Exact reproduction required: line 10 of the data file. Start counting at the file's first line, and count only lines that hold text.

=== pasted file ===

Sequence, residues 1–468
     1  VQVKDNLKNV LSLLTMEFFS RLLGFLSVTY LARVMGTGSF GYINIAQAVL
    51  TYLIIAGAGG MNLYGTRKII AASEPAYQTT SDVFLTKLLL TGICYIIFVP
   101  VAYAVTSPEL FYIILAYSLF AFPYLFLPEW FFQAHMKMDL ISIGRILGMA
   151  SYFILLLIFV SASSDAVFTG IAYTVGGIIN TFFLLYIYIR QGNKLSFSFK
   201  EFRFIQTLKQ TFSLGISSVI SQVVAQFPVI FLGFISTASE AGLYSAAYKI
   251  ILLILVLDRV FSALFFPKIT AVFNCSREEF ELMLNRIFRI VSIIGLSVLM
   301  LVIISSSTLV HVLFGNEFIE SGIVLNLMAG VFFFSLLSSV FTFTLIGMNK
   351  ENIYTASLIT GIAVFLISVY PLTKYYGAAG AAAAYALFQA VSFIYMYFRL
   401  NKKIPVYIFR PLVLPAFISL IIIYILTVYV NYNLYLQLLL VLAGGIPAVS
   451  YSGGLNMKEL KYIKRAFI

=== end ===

   401  NKKIPVYIFR PLVLPAFISL IIIYILTVYV NYNLYLQLLL VLAGGIPAVS